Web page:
How to brew homemade kombucha during any season, that’s the question.
Kombucha likes to be fermented in a temperature anywhere from 72 degrees Fahrenheit to 82 degrees Fahrenheit,
some people can go up, I would say, as high as 85 degrees Fahrenheit, I found, even though the research shows 85 degrees is great, I found that if it’s too high, it will ferment too fast.
What happens is that the acetic acid level gets introduced, the levels get too high that it turns into that vinegary taste, not that chilled out, apple cidery, still with the bite, but not the vinegar taste.
Homemade Kombucha Tea Temps
A general rule of thumb is the lower the temperature, the longer it takes to ferment, and the more mellowed the flavor will be. I like the bite of homemade Kombucha so for me, a brewing temperature of about 75-78 degrees works well, and brewing time really varies.
Well because there’s other factors, it’s insane, this is a living thing we’re talking about. So not only does with the season change, the temperature changes, but other things change as well, primarily the relationship between the yeast and the bacteria.
- You’ll find that during the colder months, yeasts can survive no problem, but the bacteria might be a little lower, so we’ve done other videos on how to balance the yeast and bacteria, so if you’re bacteria is low, you want to raise your bacteria. There are ways and techniques to do it, I encourage you to check out our other resources on how to do that.
- A good rule of thumb though, that during the colder months just know that it might take a little longer to get that fermentation, the PH level to drop, and you might need to incorporate a heating source.
- We have our own personal Kombucha heating mats that we recommend during the colder months and we also show you, again something that we like to do is not just provide a product, but provide resources on how to use that product the best way possible. We also have some free videos and goodies on how to really make those heating mats work for you.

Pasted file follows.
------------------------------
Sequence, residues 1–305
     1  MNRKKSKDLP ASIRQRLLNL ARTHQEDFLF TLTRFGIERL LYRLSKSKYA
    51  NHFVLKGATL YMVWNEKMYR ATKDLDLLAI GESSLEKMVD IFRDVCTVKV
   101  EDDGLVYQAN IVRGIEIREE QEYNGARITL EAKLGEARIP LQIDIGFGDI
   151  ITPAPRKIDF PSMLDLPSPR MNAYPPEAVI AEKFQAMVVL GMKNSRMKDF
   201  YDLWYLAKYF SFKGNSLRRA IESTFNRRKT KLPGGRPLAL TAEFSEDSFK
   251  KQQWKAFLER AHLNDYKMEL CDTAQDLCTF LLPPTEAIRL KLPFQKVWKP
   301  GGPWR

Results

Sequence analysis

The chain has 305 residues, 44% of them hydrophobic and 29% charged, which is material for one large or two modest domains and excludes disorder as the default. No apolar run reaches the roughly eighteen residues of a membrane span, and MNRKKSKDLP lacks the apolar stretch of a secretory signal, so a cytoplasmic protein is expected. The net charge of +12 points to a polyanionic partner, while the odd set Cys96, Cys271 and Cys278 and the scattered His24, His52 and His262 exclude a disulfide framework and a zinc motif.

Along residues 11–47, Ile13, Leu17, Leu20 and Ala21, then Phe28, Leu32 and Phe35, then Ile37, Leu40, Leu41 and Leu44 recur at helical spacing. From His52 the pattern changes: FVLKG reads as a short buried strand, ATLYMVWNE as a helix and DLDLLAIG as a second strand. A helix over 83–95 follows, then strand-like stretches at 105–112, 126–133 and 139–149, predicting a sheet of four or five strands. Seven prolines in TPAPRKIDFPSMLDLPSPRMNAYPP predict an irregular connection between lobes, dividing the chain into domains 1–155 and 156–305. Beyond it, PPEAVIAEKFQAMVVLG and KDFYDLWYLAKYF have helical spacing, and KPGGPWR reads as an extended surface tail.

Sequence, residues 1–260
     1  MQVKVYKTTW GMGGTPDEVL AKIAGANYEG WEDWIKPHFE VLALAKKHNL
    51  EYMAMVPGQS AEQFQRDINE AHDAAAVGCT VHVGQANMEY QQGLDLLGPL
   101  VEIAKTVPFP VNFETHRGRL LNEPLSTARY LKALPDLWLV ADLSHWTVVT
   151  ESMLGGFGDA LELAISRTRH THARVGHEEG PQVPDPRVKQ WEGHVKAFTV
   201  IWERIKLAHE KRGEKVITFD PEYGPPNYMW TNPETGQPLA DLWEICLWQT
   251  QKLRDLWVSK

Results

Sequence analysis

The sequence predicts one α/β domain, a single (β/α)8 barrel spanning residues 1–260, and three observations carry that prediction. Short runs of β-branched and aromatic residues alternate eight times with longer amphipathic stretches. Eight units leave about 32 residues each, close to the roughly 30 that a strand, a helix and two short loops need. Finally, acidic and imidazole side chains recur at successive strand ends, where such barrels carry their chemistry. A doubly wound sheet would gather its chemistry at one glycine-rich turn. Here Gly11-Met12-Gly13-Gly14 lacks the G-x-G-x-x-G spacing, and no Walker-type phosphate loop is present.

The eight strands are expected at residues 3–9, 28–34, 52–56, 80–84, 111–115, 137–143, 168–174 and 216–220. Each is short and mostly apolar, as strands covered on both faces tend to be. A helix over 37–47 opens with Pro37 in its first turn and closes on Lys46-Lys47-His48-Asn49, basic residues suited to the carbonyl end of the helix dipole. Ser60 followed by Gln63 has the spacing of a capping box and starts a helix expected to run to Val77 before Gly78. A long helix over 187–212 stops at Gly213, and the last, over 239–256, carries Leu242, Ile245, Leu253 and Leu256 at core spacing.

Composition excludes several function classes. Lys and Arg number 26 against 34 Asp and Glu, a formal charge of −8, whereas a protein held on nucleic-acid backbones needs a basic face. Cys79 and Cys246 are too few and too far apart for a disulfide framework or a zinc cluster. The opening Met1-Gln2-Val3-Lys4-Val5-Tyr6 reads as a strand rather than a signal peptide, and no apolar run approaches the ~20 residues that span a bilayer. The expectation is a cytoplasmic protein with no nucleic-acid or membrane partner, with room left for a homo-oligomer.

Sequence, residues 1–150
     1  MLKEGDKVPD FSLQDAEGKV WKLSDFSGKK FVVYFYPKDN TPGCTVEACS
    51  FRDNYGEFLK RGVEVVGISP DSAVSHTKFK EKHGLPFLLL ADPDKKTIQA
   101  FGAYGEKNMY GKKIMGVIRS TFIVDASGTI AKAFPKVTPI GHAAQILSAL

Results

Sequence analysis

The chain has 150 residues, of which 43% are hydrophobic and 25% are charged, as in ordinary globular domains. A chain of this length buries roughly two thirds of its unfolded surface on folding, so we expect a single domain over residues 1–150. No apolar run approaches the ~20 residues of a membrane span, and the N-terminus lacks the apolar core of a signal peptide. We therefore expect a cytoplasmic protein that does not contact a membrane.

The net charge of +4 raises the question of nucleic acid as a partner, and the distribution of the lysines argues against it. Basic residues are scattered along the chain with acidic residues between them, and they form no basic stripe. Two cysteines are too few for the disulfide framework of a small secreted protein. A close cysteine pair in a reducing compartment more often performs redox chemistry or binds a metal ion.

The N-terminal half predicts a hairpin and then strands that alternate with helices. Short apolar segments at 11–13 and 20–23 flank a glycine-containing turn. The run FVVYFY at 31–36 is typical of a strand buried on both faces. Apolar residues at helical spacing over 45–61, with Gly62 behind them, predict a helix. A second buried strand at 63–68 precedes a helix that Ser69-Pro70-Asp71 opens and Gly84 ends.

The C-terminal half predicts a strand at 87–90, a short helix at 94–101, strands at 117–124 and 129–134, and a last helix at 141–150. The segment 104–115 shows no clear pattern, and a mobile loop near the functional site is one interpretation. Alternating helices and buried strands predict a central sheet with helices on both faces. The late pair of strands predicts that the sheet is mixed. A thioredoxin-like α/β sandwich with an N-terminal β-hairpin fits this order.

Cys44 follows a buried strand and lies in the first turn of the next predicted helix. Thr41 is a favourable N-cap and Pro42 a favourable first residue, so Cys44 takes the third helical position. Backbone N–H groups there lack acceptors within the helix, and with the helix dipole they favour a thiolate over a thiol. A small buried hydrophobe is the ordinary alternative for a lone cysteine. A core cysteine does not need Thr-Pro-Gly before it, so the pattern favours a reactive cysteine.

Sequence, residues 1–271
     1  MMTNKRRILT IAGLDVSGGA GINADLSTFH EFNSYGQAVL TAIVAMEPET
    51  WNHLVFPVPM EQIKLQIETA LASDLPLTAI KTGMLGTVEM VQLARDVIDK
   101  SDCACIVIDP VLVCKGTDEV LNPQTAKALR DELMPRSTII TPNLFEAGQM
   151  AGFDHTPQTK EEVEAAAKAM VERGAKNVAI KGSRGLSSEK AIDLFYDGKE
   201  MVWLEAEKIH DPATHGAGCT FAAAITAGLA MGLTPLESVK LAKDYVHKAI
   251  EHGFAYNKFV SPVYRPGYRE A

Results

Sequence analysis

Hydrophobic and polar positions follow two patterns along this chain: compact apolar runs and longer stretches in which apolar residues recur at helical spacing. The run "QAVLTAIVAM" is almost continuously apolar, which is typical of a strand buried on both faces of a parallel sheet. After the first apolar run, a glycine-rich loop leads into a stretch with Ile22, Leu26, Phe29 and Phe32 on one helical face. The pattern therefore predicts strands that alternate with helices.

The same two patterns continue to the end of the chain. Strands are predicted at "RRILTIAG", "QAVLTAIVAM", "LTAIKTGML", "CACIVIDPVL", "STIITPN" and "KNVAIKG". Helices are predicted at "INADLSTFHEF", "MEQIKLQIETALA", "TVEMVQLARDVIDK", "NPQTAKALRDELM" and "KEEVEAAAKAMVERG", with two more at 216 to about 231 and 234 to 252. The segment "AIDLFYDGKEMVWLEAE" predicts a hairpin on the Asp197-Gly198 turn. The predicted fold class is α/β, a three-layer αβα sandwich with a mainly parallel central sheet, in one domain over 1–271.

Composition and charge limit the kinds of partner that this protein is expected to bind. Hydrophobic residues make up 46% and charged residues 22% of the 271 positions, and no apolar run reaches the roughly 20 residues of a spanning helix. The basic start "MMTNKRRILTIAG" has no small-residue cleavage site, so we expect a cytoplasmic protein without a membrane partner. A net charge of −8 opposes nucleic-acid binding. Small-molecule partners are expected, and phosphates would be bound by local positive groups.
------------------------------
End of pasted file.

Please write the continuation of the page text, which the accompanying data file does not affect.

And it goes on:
Something that you should not do is think well, if Kombucha needs to be warm during the winter, let me put it in my oven, and I know it sounds crazy, but it didn’t sound crazy when I first started brewing, that actually would make sense to me right?
Something warm, something dark, put it in the oven.
Oven doesn’t work for three reasons:
The obvious reason would be Kombucha does not like smoke and things like that, so no smoking cigarettes around Kombucha, and your oven, even if you’re cleaning it everyday, is probably a little gross in there.
Reason two is it also doesn’t like to be moved around all the time, which means, unless you’re only microwaving your food or eating take out, you’re going to have to continuously bring your brew out of your oven.
The third reason, which I had not seen online yet, is that the pilot light in your oven, counter intuitive because you think well, the pilot light would add warmth to my culture, is actually burning off oxygen, right?
Your oven is, and usually an oven is closed, so what that oven is doing is suffocating your Kombucha during the aerobic process of the fermentation.
Homemade Kombucha Dangers Avoided
So during the winter months, really the best solution is those heating mats, cost effective by far, because it’s a lot easier to warm up your Kombucha brewer then your entire apartment or house or castle, where ever you choose to reside.
Another quick tip would be to, where ever you have your brewer, your Kombucha vessel, is to raise it somewhere maybe, people go back and forth, a refrigerator, because the refrigerator vibrates, I found as long as your culture is already thick enough, it’s fine to put on top of your fridge, again experiment.
Another great place is a dresser or a closet that’s not completely closed, so it still has that air ventilation, why?
Well heat, and this is just physics, I’m not like this crazy wizard or anything, but that would be cool if I was a crazy wizard, heat rises right?
So if you have your Kombucha in an elevated space in your home, the temperature, and test this yourself, test your temperature in a higher part of your house and test it lower.
Heat rises, so naturally your Kombucha will be warmer in an elevated area.
Hopefully that answers your question, how to brew homemade Kombucha during any season.